The Environmental Protection Agency (EPA) has acted in ways that have undermined the environmental safety of Americans in recent years. Here are five of the EPA’s most negative impacts on the environment.


1) “Forever Chemicals”


Forever chemicals are poly and perfluoroalkyl substances (PFAS), which show up in many common products, such as food wrappers and drinking water. Forever chemicals never break down; they also have been linked to cancer. Since 1998, the EPA has known about the risks associated with PFAS chemicals but generally has not regulated them. The EPA created an ineffectual plan in 2019 that lacked critical deadlines and other elements. In light of failed attempts by Congress to set important deadlines, the EPA weakened a rule that would regulate PFAS in many products.


2) Inadequate Oversight of New Chemicals


In 2016, Congress passed the Toxic Substances Control Act (TSCA), which toughened the approval processes for new chemicals. The TSCA also requires the EPA to produce findings on new chemicals and restrict their use if safety data are lacking. However, Trump’s EPA has used loopholes to approve several new chemicals without adequate data about their effects.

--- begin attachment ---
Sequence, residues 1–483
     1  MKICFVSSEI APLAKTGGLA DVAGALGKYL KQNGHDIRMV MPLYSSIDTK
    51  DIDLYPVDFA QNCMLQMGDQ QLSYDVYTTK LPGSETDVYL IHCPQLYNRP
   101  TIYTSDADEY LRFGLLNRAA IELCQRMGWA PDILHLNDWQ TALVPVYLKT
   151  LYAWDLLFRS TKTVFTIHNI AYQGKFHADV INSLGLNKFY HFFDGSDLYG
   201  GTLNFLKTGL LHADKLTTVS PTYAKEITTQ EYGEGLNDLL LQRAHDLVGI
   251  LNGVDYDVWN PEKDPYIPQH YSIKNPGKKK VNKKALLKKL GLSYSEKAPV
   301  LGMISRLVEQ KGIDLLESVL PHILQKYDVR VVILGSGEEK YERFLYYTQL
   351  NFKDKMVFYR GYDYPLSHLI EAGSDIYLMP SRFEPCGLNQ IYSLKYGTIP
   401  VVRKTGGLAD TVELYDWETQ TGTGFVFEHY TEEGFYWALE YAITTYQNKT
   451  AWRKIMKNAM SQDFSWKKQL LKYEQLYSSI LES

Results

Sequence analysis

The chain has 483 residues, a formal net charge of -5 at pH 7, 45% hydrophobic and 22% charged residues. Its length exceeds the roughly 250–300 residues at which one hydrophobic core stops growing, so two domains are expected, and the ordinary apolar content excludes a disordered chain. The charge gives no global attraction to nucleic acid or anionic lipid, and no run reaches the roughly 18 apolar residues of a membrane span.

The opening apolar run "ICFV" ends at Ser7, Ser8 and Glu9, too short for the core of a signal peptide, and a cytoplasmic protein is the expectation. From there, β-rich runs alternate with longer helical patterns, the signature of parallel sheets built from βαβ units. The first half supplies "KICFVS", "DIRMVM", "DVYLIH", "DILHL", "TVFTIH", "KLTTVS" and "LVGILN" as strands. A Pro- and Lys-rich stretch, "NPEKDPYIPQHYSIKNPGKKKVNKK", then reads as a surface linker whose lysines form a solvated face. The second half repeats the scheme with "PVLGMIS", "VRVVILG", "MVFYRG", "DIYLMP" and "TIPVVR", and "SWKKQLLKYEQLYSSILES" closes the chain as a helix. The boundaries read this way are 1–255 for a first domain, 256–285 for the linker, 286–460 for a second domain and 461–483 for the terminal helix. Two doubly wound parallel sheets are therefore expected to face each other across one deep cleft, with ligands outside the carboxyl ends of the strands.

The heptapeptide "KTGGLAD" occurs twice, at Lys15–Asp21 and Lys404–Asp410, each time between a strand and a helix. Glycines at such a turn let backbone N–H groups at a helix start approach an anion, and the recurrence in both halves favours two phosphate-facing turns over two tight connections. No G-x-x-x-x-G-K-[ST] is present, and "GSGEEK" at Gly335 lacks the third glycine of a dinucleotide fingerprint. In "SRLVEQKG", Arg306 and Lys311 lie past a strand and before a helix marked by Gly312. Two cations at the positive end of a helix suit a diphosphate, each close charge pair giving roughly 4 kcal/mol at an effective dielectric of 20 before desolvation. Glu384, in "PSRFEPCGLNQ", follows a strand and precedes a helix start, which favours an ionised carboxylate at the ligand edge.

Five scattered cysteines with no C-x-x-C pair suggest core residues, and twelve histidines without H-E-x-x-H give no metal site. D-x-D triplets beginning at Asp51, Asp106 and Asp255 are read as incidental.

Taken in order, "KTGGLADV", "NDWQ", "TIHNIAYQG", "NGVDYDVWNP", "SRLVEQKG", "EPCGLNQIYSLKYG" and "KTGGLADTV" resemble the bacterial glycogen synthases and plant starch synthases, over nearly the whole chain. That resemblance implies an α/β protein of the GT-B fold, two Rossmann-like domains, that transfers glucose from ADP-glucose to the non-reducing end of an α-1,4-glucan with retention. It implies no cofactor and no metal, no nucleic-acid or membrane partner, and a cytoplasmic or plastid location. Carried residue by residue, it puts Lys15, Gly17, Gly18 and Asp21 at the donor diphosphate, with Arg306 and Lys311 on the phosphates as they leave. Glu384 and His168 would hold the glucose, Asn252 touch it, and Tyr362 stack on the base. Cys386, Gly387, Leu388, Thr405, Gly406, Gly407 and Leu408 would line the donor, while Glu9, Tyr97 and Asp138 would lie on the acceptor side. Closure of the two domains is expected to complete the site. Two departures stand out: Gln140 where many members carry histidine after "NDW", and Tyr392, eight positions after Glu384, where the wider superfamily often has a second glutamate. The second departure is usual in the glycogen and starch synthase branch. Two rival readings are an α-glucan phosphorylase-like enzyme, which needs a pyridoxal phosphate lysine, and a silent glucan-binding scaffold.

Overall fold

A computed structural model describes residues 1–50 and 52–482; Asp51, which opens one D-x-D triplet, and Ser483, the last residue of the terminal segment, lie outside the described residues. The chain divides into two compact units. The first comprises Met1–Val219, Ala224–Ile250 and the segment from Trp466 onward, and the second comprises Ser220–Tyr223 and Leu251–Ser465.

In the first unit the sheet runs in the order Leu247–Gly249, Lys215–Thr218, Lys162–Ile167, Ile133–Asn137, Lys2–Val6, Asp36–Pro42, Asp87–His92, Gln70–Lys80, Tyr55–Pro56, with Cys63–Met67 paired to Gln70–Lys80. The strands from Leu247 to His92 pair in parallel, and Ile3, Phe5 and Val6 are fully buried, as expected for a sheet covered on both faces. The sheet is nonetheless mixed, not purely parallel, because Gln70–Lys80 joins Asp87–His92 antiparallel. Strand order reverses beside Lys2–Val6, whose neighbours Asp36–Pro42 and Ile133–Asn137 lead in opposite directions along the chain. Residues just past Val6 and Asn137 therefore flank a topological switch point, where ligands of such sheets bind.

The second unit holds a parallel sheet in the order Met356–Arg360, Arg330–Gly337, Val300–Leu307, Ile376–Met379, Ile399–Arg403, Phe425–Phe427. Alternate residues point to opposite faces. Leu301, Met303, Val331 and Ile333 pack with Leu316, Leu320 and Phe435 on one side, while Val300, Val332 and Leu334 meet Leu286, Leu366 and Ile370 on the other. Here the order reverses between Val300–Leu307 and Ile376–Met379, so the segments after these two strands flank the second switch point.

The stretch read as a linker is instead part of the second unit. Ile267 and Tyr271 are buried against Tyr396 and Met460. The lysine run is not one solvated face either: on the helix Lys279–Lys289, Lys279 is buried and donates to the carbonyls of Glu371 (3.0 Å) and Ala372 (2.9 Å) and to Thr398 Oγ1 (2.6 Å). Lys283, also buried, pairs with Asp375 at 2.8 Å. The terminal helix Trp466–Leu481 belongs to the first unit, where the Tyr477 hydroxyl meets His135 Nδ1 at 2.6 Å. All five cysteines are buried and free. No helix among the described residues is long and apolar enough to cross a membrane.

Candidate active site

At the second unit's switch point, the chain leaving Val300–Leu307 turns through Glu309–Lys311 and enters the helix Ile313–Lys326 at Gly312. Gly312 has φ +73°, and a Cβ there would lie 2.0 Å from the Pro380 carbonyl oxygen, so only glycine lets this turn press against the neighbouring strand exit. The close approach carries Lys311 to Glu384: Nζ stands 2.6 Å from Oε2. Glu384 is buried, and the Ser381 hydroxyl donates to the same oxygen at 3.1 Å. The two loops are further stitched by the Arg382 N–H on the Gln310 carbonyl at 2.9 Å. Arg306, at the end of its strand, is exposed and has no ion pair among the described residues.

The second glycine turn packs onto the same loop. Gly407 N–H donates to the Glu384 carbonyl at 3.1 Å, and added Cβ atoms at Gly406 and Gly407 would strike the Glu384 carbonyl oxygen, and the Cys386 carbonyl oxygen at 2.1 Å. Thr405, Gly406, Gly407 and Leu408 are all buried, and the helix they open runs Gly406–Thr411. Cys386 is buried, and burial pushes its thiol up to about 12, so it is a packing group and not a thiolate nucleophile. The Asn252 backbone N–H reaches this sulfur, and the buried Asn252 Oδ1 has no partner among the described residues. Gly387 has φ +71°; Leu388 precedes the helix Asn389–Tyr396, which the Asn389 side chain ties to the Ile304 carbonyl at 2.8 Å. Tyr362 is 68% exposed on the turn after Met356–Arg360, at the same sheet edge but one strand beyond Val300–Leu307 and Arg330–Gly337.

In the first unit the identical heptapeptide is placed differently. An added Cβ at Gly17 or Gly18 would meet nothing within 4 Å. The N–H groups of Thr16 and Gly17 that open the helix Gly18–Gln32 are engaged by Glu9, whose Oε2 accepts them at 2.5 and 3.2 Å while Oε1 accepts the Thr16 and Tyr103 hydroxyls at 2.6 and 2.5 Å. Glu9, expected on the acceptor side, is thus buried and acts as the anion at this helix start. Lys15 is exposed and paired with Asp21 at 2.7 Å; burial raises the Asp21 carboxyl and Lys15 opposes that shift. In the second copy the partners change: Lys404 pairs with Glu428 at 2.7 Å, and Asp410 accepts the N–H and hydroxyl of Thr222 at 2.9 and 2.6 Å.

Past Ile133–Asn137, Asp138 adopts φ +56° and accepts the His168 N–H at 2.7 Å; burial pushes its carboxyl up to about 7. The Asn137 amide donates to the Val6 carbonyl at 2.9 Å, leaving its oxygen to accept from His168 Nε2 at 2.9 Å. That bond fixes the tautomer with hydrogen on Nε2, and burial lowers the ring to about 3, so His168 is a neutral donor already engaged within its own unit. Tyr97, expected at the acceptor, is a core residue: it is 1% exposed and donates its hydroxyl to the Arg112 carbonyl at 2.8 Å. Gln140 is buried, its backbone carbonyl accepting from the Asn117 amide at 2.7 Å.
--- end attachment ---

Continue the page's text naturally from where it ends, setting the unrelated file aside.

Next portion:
3) Asbestos Scandal


For decades, shipbuilders, manufacturers, and other industries have used asbestos, a toxic substance that has been linked to mesothelioma. Although its toxicity is widely known, the EPA has failed to ban most uses. In April 2019, the EPA began requiring approvals for manufacturers to use asbestos, despite the support of its ban by several EPA personnel.


4) Loopholes for Air Pollution


In July of last year, the EPA set out to create a loophole in the Clean Air Act that reverses requirements for refineries and large power plants to meet strict emissions controls. The loophole allows these polluters to opt-out of previous regulations.


5) Science Censorship


Leaning on the confidentiality of personal and private medical data, the EPA proposed a rule in 2018 that would prevent many human health studies from being publicly available. The EPA backed down from this proposal in September 2019 but then put forth another proposal that would expand the exclusion criteria to all studies, not just “dose-response.”